The Dunhill: Reverse Another way

How many mixed drinks besides the Martini that are garnished with an olive can you think of? How many Martini variations do we need? And what makes Sherry a secret weapon for long nights?

If you stepped into a cocktail bar recently, chances are you observed the following: Inspired by the most recent iteration of James Bond, a young man, ostensibly not versed in the ways of the cocktail, orders the driest Martini the world has seen. The tragedy unfolds as he takes the first sip: He realises that to drink cold gin on an stomach filled with nothing but popcorn wasn’t the smartest of moves. But in the meantime he has staged himself as a connoisseur and first-class Bond and he can’t turn back. So he orders another Martini, made on polish vodka as it should be, and the evening comes to an end before it had a chance to unfurl.

Secret agent goes cold turkey

A case for a low-alcohol Martini: Enter the Dunhill. Coincidentally, this is also the name of an English men’s luxury brand, which offers everything from tobacco to watches to lighters. Fun fact: Sean Connery, the first and truest of Bonds, used such a Dunhill lighter in Dr. No.

But let talk about the drink itself: The problem with low-proof mixed drinks is that they are not particularly complex, use an unhealthy amount of sugar to carry the flavour and are still very easy to drink. Sherry is a blessing here, because it offers the same intensity of aromas as a spirit, but halves the ABV.

Bless the Sherry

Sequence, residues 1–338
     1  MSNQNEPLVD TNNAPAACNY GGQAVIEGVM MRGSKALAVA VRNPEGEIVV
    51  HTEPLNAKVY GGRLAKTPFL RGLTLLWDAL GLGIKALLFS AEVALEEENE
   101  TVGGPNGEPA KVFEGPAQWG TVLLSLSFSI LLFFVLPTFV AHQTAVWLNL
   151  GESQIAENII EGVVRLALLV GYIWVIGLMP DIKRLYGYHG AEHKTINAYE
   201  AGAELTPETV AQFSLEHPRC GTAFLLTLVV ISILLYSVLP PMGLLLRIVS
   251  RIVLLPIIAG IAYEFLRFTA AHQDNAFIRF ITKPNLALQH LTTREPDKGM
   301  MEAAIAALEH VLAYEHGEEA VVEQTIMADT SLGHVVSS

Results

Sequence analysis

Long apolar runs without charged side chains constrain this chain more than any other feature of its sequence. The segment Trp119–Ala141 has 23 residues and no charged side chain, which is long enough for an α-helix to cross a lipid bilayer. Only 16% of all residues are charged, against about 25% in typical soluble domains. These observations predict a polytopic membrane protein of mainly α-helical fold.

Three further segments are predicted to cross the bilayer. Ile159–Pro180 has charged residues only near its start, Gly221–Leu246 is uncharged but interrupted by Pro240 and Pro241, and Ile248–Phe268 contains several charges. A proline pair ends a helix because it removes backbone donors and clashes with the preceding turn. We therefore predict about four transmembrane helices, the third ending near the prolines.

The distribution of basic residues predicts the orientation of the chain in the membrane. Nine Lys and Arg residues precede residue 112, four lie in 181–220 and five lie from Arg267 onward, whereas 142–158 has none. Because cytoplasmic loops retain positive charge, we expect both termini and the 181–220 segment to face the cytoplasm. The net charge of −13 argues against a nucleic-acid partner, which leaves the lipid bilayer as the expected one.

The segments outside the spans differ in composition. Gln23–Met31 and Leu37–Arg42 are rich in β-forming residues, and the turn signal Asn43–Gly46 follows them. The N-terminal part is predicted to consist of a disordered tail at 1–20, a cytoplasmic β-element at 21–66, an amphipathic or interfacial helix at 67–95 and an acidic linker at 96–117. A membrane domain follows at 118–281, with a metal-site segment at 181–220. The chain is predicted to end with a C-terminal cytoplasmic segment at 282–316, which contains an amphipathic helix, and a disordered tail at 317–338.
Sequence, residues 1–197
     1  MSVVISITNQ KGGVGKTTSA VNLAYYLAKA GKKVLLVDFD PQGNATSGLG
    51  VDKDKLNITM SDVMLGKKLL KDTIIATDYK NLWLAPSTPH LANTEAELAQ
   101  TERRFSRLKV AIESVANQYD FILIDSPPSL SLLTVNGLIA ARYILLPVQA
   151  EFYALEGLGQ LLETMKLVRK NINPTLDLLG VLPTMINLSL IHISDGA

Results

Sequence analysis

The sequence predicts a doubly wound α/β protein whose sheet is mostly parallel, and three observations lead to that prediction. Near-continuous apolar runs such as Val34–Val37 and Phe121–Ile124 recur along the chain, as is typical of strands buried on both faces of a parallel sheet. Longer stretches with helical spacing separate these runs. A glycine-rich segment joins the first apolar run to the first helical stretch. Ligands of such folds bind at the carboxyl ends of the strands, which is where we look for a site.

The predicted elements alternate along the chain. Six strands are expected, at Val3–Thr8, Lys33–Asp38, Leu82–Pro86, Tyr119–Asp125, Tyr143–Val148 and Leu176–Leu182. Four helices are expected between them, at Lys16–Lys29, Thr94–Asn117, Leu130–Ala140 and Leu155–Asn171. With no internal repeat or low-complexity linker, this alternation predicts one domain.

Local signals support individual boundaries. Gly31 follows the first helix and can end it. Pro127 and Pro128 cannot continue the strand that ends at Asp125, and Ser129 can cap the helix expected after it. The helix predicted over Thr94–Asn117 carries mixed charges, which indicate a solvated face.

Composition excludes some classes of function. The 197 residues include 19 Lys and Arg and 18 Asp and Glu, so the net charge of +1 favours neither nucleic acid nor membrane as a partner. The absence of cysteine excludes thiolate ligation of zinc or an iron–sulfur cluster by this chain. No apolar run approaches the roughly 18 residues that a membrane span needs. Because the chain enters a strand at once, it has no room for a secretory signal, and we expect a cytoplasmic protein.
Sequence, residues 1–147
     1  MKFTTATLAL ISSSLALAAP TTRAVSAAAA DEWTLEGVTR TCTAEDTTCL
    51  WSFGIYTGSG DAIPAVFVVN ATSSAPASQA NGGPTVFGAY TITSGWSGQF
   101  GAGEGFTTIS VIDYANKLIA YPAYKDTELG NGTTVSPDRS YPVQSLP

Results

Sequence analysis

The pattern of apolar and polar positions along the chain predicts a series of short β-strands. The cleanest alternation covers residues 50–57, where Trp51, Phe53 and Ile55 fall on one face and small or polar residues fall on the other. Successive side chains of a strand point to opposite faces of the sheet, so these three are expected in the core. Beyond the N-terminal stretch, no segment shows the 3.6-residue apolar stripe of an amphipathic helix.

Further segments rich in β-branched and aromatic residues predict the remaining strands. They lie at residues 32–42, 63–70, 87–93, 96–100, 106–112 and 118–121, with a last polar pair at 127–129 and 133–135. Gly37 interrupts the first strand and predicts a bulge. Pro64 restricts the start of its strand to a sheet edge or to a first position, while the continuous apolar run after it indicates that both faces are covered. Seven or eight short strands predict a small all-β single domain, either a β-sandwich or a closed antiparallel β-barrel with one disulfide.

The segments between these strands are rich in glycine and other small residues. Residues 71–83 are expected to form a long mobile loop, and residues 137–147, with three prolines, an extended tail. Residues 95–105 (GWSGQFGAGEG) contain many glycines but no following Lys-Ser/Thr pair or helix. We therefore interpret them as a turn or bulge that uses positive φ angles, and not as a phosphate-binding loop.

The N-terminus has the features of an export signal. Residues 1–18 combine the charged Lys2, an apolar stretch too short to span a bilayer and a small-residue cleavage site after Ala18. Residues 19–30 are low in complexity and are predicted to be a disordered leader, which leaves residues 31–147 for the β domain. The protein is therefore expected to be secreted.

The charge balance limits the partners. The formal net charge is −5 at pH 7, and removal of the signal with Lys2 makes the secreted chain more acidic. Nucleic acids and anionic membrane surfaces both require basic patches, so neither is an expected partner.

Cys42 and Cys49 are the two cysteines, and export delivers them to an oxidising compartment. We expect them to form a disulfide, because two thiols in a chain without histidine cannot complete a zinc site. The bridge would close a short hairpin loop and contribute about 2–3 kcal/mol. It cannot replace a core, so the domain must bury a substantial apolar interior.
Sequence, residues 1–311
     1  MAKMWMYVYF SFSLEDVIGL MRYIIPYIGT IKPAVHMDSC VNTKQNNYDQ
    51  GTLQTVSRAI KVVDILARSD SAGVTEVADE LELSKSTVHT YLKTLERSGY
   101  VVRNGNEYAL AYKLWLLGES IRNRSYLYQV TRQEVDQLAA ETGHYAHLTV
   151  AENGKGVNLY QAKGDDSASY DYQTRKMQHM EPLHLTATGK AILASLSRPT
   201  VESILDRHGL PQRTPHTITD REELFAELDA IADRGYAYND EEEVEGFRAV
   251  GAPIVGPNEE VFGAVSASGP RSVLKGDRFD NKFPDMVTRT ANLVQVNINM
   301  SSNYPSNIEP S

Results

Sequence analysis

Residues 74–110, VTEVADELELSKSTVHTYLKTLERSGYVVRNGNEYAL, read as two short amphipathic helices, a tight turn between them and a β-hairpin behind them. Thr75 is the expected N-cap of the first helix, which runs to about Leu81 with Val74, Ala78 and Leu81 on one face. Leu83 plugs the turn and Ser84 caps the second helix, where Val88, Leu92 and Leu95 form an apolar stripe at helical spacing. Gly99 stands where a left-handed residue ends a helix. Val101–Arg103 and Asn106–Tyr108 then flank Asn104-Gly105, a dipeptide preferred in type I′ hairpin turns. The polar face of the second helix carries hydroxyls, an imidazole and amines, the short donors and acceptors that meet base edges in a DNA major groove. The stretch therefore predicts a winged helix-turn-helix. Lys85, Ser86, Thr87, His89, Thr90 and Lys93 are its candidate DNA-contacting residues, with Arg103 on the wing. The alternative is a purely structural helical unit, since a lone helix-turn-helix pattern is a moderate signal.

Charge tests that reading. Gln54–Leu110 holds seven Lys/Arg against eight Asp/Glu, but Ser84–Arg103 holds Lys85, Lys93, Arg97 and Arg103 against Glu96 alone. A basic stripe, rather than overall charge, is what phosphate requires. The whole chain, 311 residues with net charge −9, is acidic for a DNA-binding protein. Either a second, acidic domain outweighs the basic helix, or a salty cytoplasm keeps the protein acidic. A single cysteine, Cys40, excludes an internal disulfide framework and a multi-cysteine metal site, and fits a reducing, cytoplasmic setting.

The Dunhill is basically a Reverse Martini which splits the vermouth with Sherry, and adds Absinthe and Curaçao for complexity. In fact, it is much more interesting to drink than a Martini: The nose is lead by the absinthe, and in the first sip the gin starts off with its citrus aromas, leading to the more nutty notes in the Sherry.

This recipe is based on the Dunhill’s Special in the Savoy Cocktail Book from 1930. No recommendation for the kind of Sherry to be used is made here, but for the sake of balance the use of a dry Sherry, such as a Fino or an Amontillado, is advisable.

A Dunhill made with Fino Sherry is more similar to a Martini; made with Amontillado Sherry it’s closer to a dry Martinez. The author prefers the latter, and recommends to use the Star of Bombay Gin, which features almonds as one of its botanicals and fits in particularly well.

The Olive Affair

We still haven’t touched on the olive. The cocktail would be incomplete, it would lack this certain something, if you omitted the olive. If it’s the residual brine, or the association in the mind of the beholder, the olive brings out the maritime notes in the Sherry, which balances the light sweetness of the drink. This is also a good opportunity to invest in some nice olives.

Let me mention a last oddity: The Savoy Cocktail Book instructs you to first stir the drink, and then shake it. The experiment confirms the suspicion: That’s not a terribly good idea. The cocktail turns remarkably cold, but is overdiluted, becomes dominated by the Absinthe and one-dimensional. In general, drinks with Sherry taste best when thrown, and the Dunhill is definitely one of them.